moroccan fruit tagine

When I run out of new ideas (and haven’t been shopping for ages) I turn back to my trusty friend Claudia Roden for dinner inspiration.

For example, yesterday I only had 2 onions, some chicken, a bunch of parsley and a bowl of fruit in my kitchen. Oh and some tomatoes and fennel – but I didn’t use those …

And a cupboard overflowing with spices …

What to cook?

I just leafed through ‘A New Book of Middle Eastern Food’ until I found a suitable recipe.

A few tweaks, and this is what I made.

Moroccan Fruit Tagine

3 chicken breasts (Claudia suggests a large roasting chicken, jointed, but I just had 3 chicken breasts …)
2 onions, finely chopped
3 tablespoons of parsley, chopped
2-3 tablespoons butter
1/4 teaspoon ground ginger
Salt and pepper
500 grams peeled, cored and sliced fruit.  You can use apples, pears, quinces, fresh dates, raisins or prunes. I chose pears.

Put the chicken, onion and parsley in a saucepan and cover with water. Add the butter and ginger and season with salt and pepper. Bring to the boil then simmer for an hour. The sauce should be reduced and the onions disintegrated.


Here we are after nearly an hour with the chicken cooking and the sauce reducing. Nearly ready for the fruit.

Then add the sliced fruit and simmer until just tender.  Only about 5 minutes for the pears.

Serve with rice or cous cous or flatbread to dip in to the sauce.

Sounds good. Looks interesting.  Tastes great.

We ate it with rice.  

Oh, I love Claudia. I really do!


chicken pho recipe (and a chance to use my new kitchen gadget)

So, I know how to cook it but I don’t know how to pronounce it properly.  I asked Thao yesterday. She told me. I repeated exactly what I heard she said about 20 gazillion times and still got it wrong. She was laughing so much at me. My best approximation was when I said ‘faux’ like ‘faux pas’ in French.  I think I have a hearing/speaking disconnect …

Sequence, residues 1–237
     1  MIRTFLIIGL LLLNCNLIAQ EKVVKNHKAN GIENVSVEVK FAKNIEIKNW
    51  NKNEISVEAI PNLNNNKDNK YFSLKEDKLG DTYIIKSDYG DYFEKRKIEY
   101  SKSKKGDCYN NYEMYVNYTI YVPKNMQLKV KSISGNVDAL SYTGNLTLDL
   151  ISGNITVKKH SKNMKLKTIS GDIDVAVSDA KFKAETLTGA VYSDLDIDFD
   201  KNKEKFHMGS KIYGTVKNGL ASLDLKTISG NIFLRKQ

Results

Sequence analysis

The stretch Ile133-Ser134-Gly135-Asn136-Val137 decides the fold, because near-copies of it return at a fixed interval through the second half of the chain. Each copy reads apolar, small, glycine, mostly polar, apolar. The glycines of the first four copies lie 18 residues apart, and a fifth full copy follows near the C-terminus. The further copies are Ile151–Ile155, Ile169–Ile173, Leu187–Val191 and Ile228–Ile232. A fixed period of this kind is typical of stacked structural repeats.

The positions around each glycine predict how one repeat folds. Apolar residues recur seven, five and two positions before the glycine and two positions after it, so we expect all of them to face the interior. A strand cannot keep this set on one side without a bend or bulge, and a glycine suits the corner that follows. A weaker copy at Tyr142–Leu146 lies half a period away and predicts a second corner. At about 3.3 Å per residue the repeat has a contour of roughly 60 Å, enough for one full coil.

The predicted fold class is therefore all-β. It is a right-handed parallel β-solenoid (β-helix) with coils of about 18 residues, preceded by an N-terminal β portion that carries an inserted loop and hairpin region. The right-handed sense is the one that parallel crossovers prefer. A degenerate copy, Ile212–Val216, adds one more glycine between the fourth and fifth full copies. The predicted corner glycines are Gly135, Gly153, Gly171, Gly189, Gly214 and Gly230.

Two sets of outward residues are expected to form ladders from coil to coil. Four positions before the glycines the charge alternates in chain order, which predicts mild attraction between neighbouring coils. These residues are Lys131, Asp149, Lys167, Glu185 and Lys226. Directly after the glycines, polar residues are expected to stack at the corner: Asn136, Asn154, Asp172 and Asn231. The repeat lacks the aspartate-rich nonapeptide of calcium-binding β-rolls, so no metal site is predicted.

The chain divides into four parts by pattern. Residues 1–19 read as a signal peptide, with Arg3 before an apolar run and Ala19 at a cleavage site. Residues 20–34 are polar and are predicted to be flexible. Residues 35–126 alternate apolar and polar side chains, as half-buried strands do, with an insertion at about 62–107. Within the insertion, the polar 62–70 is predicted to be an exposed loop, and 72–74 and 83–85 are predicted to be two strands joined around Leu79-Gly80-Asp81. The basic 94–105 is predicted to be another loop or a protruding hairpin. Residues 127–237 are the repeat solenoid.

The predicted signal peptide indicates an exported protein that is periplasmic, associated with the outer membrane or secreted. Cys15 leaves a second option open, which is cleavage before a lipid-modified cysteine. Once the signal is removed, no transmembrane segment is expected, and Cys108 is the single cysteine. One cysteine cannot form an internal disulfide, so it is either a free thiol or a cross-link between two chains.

Anyway, here’s how I made chicken pho.


  • 1 bag chicken bones
  • 2 onions, quartered
  • pho spices
  • salt
  • water
  • 1-2 chicken breasts
  • 1 carrot, julienned
  • beanshoots
  • rice noodles (soaked for 1 minute in boiling water and drained)
  • chopped fresh herbs (ie.coriander, mint, basil in any combination)
  • chilli (to serve)
  • lemon (to serve)

At the butcher I bought a bag of chicken bones. I combined these with 2 onions quartered and 2 teaspoons of salt and these pho spices which I bought at the big Asian grocers out the back of the Preston Market (I love this shop … and I bought the noodles here too).


I filled up my pot with water and simmered it all for 2 hours.  It sounds like I am super organised, but that really isn’t the case. I was hanging around making a big batch of bolognese so I just made this in the pot alongside. As I was at the stove keeping an eye on the bolognese, quartering two onions and adding the packet of spices to make the stock wasn’t too hard at all.

Then I strained the stock and put it in the fridge.  The next day I got out half the stock and reheated it, added about half again water and a bit more salt to taste. And I skimmed off the fat that had settled to the top when it was cold. Then I put one thinly sliced chicken breast in and cooked it very quickly.

In the serving bowls I put a handful of rice noodles that I soaked in boiling water for one minute, some thin strips of carrot that I made with my ‘new-to-me’ vegetable julienner* (I think this might be a new word?) and a handful of beanshoots as well. And some chopped herbs. Coriander, mint, basil. These are all good.

Then I spooned the boiling stock and chicken over the top. And served it with lemon wedges and chopped up chilli. The chilli wasn’t too hot and the kids had fun thinking it might be and adding it in to their pho without touching it and then taste testing the results.

Everyone ate dinner … happy days! It was a great meal for a hot day.  And I still have enough stock left for another night.  I put it in the freezer.

* I bought this at the op shop.  $2.  Not everything you buy at the op shop needs to be ‘vintage’.